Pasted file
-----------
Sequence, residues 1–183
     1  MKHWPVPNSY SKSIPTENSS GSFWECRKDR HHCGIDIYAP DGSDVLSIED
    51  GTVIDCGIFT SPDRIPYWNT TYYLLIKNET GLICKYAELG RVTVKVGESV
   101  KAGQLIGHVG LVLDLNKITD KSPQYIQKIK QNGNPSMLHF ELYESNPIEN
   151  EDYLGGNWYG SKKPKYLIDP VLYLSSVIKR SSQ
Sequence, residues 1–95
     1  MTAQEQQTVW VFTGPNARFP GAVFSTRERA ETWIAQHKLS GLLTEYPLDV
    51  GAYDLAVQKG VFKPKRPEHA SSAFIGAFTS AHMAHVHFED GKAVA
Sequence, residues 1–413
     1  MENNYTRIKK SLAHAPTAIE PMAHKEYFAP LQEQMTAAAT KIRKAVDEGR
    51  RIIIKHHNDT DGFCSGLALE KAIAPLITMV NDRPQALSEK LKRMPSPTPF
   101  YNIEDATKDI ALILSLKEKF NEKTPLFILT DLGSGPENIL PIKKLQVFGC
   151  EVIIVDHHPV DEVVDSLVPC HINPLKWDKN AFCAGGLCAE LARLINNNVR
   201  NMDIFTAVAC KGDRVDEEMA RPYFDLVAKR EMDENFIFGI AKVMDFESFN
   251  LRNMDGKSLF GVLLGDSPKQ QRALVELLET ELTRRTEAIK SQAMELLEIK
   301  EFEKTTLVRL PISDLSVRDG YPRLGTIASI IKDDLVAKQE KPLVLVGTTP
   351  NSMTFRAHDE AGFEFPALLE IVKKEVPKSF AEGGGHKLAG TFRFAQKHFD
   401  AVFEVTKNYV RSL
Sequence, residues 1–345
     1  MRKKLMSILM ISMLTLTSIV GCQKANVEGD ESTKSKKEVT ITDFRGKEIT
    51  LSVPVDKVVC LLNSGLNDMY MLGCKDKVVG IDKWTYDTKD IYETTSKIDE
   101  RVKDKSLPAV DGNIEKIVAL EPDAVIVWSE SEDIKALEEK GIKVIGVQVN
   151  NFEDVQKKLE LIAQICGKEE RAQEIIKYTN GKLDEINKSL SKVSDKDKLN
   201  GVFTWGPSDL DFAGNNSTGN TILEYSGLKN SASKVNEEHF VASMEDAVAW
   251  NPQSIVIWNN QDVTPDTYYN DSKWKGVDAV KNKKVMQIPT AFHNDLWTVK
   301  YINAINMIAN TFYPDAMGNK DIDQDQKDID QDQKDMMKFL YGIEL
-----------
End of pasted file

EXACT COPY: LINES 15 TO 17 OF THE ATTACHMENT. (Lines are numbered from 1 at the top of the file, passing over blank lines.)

   251  LRNMDGKSLF GVLLGDSPKQ QRALVELLET ELTRRTEAIK SQAMELLEIK
   301  EFEKTTLVRL PISDLSVRDG YPRLGTIASI IKDDLVAKQE KPLVLVGTTP
   351  NSMTFRAHDE AGFEFPALLE IVKKEVPKSF AEGGGHKLAG TFRFAQKHFD